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Interesting to see that someone else has had great improvement with a kidney disease. I was diagnosed with Minimal Change Nephrotic Syndrome (similar, but not quite as severe as FSGS) almost 5 years ago and going fanatically gluten-free has made it go into remission. I hope your dad sticks with it and keeps improving!

I have tried for years, in vain, to share my story with others who have Nephrotic Syndrome, but it seems that no one wants to try a gluten-free diet. Most will complain about all their medications, but don't really want to have to do anything "hard" to get better. A little boy on my son's soccer team has the same thing I have and his mom put him on a gluten-free diet out of desperation and he went into remission after about 6 weeks. They are the only ones who I've ever "convinced" to try it. Keep sharing your dad's good news - maybe someone else will listen and have good results too!

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Thanks Dadof5!

My hubby has dormant myeloma, a blood cancer. Kidney failure in this cancer is a main cause of death because the IgA antibodies clog the kidneys. He also has thin basement membrane syndrome, which was found after a kidney biopsy during his myeloma diagnosis. (The biopsy nearly killed him, as they hit an artery causing uncontrolled bleeding.)

So Dadof5, I guess my hubby going gluten-free might keep him from having other kidney-related complications and I appreciate your post!

Glad to hear your boys (and dad) are doing well- I hope my son has the same response.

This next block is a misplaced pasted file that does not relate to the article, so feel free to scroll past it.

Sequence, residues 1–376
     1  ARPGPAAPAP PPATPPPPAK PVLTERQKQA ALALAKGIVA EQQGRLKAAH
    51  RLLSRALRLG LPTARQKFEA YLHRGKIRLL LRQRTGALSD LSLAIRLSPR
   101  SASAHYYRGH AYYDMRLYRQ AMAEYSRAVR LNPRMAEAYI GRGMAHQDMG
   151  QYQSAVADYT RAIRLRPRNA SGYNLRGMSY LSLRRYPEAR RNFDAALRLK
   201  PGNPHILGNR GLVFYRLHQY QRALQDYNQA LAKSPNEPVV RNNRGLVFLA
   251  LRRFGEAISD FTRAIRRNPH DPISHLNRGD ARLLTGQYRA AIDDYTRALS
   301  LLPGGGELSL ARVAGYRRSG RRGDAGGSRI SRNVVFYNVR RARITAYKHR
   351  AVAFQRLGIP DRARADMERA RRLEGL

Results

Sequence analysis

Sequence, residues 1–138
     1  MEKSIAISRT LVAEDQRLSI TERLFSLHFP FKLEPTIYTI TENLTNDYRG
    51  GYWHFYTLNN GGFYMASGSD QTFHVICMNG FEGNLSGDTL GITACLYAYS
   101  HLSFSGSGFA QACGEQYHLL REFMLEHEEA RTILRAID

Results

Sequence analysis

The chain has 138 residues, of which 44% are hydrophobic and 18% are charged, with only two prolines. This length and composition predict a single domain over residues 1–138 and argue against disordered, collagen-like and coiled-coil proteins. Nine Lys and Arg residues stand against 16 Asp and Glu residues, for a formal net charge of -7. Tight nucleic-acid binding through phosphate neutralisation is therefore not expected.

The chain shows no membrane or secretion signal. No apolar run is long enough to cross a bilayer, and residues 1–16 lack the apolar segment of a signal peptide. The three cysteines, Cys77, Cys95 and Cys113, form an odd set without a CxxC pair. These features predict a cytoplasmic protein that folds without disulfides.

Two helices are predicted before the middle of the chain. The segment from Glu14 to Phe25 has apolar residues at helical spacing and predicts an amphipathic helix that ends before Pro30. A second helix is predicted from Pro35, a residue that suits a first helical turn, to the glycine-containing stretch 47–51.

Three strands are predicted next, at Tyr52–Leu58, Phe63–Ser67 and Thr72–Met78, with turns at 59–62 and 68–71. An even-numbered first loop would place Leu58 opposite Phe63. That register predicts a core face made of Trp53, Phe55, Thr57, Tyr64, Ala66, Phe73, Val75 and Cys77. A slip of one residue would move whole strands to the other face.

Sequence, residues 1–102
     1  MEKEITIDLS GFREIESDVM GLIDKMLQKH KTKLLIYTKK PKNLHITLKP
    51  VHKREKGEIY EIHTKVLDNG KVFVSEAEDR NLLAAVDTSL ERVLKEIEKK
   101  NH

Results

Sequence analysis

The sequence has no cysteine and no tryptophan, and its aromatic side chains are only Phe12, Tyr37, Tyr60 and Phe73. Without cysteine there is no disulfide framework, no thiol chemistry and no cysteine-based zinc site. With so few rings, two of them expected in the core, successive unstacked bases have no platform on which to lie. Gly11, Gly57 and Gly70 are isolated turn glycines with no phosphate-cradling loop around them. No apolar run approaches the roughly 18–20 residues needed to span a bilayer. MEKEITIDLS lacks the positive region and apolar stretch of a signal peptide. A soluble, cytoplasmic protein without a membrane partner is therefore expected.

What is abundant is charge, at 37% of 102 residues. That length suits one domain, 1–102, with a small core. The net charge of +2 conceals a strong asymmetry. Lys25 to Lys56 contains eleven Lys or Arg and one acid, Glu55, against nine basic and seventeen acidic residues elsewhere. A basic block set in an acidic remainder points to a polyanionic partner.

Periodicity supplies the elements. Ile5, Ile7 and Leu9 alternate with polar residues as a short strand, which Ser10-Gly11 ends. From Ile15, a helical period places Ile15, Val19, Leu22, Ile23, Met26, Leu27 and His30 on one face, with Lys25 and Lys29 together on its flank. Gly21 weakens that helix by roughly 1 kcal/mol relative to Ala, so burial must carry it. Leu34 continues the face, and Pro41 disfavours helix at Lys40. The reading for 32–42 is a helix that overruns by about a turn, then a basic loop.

~Laura

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Thanks for posting this.. I was diagnosed with FSGS last October and the Nephrologists basically told me I'd be on dialysis within the next 6 months. Since reading this article last November I went totally gluten-free. I just had my kidney function checked last week and low and behold my creatinine dropped from 2.08 to 1.9 and my kidney function went from 35 to 39. The doc said I'd never see any improvement.

Thanks again

-Eric

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Interesting to see that someone else has had great improvement with a kidney disease. I was diagnosed with Minimal Change Nephrotic Syndrome (similar, but not quite as severe as FSGS) almost 5 years ago and going fanatically gluten-free has made it go into remission. I hope your dad sticks with it and keeps improving!

I have tried for years, in vain, to share my story with others who have Nephrotic Syndrome, but it seems that no one wants to try a gluten-free diet. Most will complain about all their medications, but don't really want to have to do anything "hard" to get better. A little boy on my son's soccer team has the same thing I have and his mom put him on a gluten-free diet out of desperation and he went into remission after about 6 weeks. They are the only ones who I've ever "convinced" to try it. Keep sharing your dad's good news - maybe someone else will listen and have good results too!